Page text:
Recruitment Genius: Web Team Leader

£30000 - £35000 per annum: Recruitment Genius: One of the UK's leading web des...

Recruitment Genius: Client Manager

£27000 - £35000 per annum: Recruitment Genius: A growing, successful, friendly...

Recruitment Genius: Property Negotiator - OTE £20,000+

£16000 - £25000 per annum: Recruitment Genius: This family owned, independent ...

Day In a Page

Greece says 'No': A night of huge celebrations in Athens as voters decisively back Tsipras and his anti-austerity stance in historic referendum

Greece referendum

Greeks say 'No' to austerity and plunge Europe into crisis
Ten years after the 7/7 terror attacks, is Britain an altered state?

7/7 bombings anniversary

Ten years after the terror attacks, is Britain an altered state?
Beautiful evening dresses are some of the loveliest Donatella has created

Versace haute couture review

Beautiful evening dresses are some of the loveliest Donatella has ever created
No hope and no jobs, so Gaza's young risk their lives, climb the fence and run for it

No hope and no jobs in Gaza

So the young risk their lives and run for it
Fashion apps: Retailers roll together shopping and social networking for mobile customers

Fashion apps

Retailers roll together shopping and social networking for mobile customers
The Greek referendum exposes a gaping hole at the heart of the European Union – its distinct lack of any genuine popular legitimacy

Gaping hole at the heart of the European Union

Treatment of Greece has shown up a lack of genuine legitimacy
Number of young homeless in Britain 'more than three times the official figures'

'Everything changed when I went to the hostel'

Number of young homeless people in Britain is 'more than three times the official figures'
Compton Cricket Club

Compton Cricket Club

Portraits of LA cricketers from notorious suburb to be displayed in London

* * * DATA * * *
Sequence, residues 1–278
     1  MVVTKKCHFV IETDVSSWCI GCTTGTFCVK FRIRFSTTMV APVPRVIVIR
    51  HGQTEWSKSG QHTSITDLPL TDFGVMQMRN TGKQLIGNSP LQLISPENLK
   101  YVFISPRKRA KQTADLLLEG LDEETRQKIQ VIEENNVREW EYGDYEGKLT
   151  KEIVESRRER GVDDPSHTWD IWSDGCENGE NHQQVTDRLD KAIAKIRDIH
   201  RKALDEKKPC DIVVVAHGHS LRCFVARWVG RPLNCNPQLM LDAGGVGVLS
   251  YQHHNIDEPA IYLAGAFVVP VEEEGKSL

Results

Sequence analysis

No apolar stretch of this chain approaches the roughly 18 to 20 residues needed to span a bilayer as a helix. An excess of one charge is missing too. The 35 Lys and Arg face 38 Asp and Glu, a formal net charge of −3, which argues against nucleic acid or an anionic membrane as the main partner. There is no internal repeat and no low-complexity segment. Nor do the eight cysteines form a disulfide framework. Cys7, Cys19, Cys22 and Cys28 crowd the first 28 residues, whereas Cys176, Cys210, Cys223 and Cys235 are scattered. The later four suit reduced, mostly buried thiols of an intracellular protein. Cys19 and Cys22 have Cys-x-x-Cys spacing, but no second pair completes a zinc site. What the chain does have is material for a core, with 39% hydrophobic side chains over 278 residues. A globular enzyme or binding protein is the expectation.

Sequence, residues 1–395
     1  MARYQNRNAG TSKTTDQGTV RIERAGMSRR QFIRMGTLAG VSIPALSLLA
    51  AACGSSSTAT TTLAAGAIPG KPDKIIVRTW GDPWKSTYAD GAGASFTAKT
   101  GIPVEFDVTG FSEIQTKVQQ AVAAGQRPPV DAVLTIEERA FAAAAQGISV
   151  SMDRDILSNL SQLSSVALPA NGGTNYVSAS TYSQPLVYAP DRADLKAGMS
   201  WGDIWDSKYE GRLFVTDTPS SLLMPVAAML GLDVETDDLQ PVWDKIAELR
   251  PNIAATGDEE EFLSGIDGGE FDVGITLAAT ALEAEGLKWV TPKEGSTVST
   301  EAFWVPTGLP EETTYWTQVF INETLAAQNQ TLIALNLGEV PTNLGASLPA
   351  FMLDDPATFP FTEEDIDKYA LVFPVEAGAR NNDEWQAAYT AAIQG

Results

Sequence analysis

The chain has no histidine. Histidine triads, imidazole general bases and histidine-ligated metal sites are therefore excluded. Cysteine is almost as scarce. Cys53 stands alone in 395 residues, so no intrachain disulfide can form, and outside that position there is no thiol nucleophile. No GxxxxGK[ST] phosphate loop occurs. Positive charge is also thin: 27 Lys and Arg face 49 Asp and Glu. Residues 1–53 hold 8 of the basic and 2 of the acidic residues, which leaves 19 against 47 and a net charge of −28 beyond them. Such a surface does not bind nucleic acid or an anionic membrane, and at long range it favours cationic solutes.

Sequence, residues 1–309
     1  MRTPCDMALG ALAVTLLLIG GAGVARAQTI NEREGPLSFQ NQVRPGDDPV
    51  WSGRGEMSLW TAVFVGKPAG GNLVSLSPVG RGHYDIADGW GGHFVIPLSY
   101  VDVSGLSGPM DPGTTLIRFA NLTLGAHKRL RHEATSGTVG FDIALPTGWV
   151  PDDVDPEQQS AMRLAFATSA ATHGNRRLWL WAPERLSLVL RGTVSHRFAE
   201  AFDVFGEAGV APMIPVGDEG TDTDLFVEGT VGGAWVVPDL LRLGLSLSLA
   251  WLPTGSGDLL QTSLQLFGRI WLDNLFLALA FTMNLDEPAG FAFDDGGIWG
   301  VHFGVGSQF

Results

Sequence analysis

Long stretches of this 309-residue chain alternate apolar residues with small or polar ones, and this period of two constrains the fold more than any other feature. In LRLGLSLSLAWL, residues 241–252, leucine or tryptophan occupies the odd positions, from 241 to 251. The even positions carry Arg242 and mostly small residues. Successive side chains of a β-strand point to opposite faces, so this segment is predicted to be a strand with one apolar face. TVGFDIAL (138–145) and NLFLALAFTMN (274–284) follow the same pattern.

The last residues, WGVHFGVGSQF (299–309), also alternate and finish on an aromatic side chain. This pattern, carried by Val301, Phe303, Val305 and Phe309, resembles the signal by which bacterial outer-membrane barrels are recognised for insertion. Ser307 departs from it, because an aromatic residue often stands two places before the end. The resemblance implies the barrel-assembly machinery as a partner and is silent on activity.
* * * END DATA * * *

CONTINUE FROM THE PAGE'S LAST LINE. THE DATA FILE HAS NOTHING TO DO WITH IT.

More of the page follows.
London now the global money-laundering centre for the drug trade, says crime expert

Wlecome to London, drug money-laundering centre for the world

'Mexico is its heart and London is its head'
The Buddhist temple minutes from Centre Court that helps a winner keep on winning

The Buddhist temple minutes from Centre Court

It helps a winner keep on winning
Is this the future of flying: battery-powered planes made of plastic, and without flight decks?

Is this the future of flying?

Battery-powered planes made of plastic, and without flight decks
Isis are barbarians – but the Caliphate is a dream at the heart of all Muslim traditions

Isis are barbarians

but the Caliphate is an ancient Muslim ideal
The Brink's-Mat curse strikes again: three tons of stolen gold that brought only grief

Curse of Brink's Mat strikes again

Death of John 'Goldfinger' Palmer the latest killing related to 1983 heist
Greece debt crisis: 'The ministers talk to us about miracles' – why Greeks are cynical ahead of the bailout referendum

'The ministers talk to us about miracles'

Why Greeks are cynical ahead of the bailout referendum
Call of the wild: How science is learning to decode the way animals communicate

Call of the wild

How science is learning to decode the way animals communicate